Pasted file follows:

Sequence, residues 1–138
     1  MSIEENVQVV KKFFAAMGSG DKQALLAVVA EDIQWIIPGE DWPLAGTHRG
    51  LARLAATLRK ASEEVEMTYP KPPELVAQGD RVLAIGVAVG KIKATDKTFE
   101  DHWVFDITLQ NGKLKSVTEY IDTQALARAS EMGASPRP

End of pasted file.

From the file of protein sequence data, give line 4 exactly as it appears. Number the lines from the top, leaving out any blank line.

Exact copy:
   101  DHWVFDITLQ NGKLKSVTEY IDTQALARAS EMGASPRP